How to Figure Concrete Cost

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Estimating concrete cost is a relatively straightforward process. If you are mixing your own, you need to calculate the amount of concrete that the job requires, choose what ratio of cement to aggregate to use and decide if you need any additives. If you are ordering ready-mix concrete for a larger project, the remaining factors affecting your concrete cost are the day and time of delivery, travel distance from the concrete plant and how long it takes to unload the concrete on site.

Things You'll Need

  • Tape measure
  • Calculator
  • Measure the length, width and depth of the area that you will be filling with concrete. Multiply the three figures together to determine how many cubic feet of concrete you need.

  • Add five percent to the total to make sure you don't run short. Concrete is sold by the cubic yard rather than the cubic foot, so divide your result by 27 to convert it into cubic yards.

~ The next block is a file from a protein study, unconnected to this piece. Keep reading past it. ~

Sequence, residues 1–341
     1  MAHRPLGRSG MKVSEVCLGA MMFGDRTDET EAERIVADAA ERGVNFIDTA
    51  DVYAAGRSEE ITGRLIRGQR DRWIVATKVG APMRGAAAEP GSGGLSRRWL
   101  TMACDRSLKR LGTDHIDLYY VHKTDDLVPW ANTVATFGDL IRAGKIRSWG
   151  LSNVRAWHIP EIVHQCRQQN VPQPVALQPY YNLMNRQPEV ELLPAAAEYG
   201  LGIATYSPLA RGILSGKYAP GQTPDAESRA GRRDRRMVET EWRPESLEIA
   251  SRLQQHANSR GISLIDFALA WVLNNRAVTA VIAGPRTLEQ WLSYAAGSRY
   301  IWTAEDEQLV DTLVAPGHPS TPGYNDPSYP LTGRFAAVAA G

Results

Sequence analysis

• Decide what type of mix you need. There are two general ratios, 1:2:4 and 1:2:3. The first ratio represents one part cement to two parts fine aggregates to four parts crushed stone or gravel. This is a good mix to use for footings. The second ratio, one part cement to two parts fine aggregates to three parts crushed stone or gravel, is a good mix to use for slabs, floors or walks, because you will get more cement paste on top for a nice smooth finish.

  • Choose suitable additives for the cement. If you are making a sidewalk or slab that will be exposed to cold weather, you might want to add an air-entraining agent to protect the concrete during freeze-thaw cycles. If you are pouring concrete during very hot weather and don't want the concrete to dry too fast, you can add a retarding agent to reduce drying time by up to sixty percent. Finally, if you have to pour concrete during freezing weather, adding calcium chloride will help the concrete set faster.

  • Place your concrete order at least two days in advance. Deliveries after working hours or on weekends will be much more expensive. A full truckload of concrete is eight cubic yards; if you need less than this, ask if there is a minimum charge. Find out how long you will have to unload the truck and how much they will charge if you exceed that time. Finally, inquire about the mileage rate from the plant to the delivery site.

References

  • Building with Masonry; Richard Kreh; 1998
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